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In a historic move, a federal judge has ruled that the "stop-and-frisk" tactics used by the New York City Police Department are unconstitutional. Judge Shira Scheindlin wrote that police have relied on a "policy of indirect racial profiling" leading them to routinely stop "blacks and Hispanics who would not have been stopped if they were white."
Attorney General Eric Holder has officially unveiled a major policy shift to help certain low-level drug offenders avoid harsh mandatory minimum prison sentences. In an address to the American Bar Association, Holder confronted the issue of mass incarceration, noting that while the United States comprises just 5 percent of the world’s populations, it houses nearly a quarter of the world’s prisoners. Among other changes, Holder touted an expansion of the "compassionate release" program for some elderly prisoners. And he announced a review of racial sentencing disparities, citing a recent study that found black men received sentences nearly 20 percent longer than those imposed on white men convicted of similar crimes.
Eric Holder: "Today, a vicious cycle of poverty, criminality and incarceration traps too many Americans and weakens too many communities. And many aspects of our criminal justice system may actually exacerbate these problems rather than alleviate them. It’s clear, as we come together today, that too many Americans go to too many prisons for far too long and for no truly good law enforcement reason."
A U.S. drone strike has killed at least two people in Yemen’s Shabwa province. A local official told Reuters the strike obliterated a car in which the victims were traveling. It was the latest in a surge of strikes that have killed dozens in recent weeks.
North Carolina Gov. Pat McCrory has signed a package of restrictions on voting rights seen by some as the harshest in the country. The new law requires voters to present a government-issued photo ID at the polls. It ends same-day voter registration, shrinks the early voting period by a week and eliminates pre-registration for teens who will turn 18 by Election Day. It allows any registered voter to challenge another voter’s eligibility, a provision critics say could enable vigilantism at the polls. It also weakens disclosure requirements intended to identify funders behind campaign ads, allows political parties to receive unlimited corporate donations and raises the cap on individual donations. It is the first set of voting restrictions passed by a state since the U.S. Supreme Court struck down a key provision of the Voting Rights Act in June. Already, groups including the NAACP and the American Civil Liberties Union have filed legal challenges, saying the law will disproportionately impact people of color.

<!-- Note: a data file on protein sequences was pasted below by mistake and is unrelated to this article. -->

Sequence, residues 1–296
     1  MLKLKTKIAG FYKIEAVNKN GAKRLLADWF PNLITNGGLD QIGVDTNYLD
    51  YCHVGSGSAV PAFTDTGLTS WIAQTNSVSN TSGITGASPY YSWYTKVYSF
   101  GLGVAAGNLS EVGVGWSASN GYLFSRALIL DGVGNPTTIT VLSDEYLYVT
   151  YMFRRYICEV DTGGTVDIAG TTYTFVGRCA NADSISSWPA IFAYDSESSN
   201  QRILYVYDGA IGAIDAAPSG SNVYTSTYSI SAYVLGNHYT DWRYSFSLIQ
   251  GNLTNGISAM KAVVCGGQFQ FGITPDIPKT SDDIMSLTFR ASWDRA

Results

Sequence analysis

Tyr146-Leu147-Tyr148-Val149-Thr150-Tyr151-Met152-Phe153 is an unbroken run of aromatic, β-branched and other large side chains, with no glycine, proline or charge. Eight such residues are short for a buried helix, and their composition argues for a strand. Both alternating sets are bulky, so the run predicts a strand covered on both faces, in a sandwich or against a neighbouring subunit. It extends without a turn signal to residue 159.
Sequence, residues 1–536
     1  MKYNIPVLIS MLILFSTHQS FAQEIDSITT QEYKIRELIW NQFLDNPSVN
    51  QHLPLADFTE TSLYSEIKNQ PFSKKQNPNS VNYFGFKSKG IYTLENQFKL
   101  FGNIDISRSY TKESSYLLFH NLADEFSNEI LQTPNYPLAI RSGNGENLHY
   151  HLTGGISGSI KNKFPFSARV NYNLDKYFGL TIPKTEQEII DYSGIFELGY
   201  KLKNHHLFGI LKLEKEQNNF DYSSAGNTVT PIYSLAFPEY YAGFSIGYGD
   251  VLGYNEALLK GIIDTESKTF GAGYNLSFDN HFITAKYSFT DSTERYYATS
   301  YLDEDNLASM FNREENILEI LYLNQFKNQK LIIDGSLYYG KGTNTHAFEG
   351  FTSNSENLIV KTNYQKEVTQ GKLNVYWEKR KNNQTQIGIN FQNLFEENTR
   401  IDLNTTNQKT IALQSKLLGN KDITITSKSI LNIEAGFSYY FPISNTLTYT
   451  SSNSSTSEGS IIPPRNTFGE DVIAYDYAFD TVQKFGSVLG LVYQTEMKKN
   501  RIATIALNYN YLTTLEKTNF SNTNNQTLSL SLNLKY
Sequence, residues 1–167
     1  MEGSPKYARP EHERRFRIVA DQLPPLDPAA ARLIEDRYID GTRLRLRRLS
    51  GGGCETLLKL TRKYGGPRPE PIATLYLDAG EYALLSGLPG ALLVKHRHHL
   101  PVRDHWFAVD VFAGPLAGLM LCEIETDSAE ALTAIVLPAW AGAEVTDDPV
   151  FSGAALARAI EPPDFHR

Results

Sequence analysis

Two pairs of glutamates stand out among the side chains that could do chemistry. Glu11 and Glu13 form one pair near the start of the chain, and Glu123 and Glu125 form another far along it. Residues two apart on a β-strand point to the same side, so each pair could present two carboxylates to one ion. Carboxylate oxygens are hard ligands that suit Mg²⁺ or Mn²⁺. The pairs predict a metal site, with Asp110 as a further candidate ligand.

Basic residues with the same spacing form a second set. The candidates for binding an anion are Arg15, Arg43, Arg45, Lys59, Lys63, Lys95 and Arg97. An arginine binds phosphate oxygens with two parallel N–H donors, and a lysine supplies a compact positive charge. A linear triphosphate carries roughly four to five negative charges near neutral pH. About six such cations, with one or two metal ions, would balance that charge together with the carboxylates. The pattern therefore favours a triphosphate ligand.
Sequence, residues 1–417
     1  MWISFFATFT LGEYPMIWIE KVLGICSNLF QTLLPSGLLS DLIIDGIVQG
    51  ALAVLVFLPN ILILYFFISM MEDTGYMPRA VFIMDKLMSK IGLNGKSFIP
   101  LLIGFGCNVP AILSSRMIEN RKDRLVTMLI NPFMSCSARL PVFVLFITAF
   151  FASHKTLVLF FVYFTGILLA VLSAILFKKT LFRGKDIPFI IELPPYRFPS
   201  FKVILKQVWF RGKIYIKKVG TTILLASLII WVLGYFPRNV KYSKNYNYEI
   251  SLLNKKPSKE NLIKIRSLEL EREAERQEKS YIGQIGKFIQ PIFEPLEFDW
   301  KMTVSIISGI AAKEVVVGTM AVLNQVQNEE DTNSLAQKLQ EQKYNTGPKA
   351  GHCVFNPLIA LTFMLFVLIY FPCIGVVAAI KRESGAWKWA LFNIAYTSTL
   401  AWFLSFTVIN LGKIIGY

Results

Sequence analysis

John Kerry has kicked off his first trip to South America as secretary of state. In Colombia on Monday, Kerry faced questions from the government about National Security Agency spying following reports based on leaks by Edward Snowden that the surveillance extends throughout Latin America. Journalist Glenn Greenwald has reported that after Brazil, Colombia appeared to be the second biggest target of the spying. Kerry defended NSA practices at a news conference in Bogota.
John Kerry: "I am confident that I was able to explain thoroughly precisely how this has received the support of all three branches of our government, it has been completely conducted under our Constitution and the law, and how we have respected the concerns of other countries and will continue to."
Kerry visits Brazil today. Meanwhile, the Obama administration is launching a formal review of NSA tactics. The review panel is being led by Director of National Intelligence James Clapper, who has been accused of lying to Congress about the spying.
Boubacar Keita has won Mali’s presidential election after his opponent, Soumaila Cissé, conceded defeat on Monday. Keita has vowed to restore order following last year’s military coup and the takeover of large swaths of Mali’s north by separatist and Islamist rebels. The turmoil prompted French troops and a small number of U.S. forces to deploy to Mali. The United Nations recently launched a peacekeeping mission there.
The defense team for U.S. Army whistleblower Bradley Manning has opened its case in the sentencing phase of his court-martial after government prosecutors concluded their case on Friday. Defense lawyers began by questioning the decision by Manning’s superiors to maintain Manning’s top-secret security clearance despite signs of mental distress, including one incident where he flipped over a table. Manning is expected to testify either today or Wednesday before the defense wraps. He is facing up to 90 years in prison for giving troves of documents to WikiLeaks.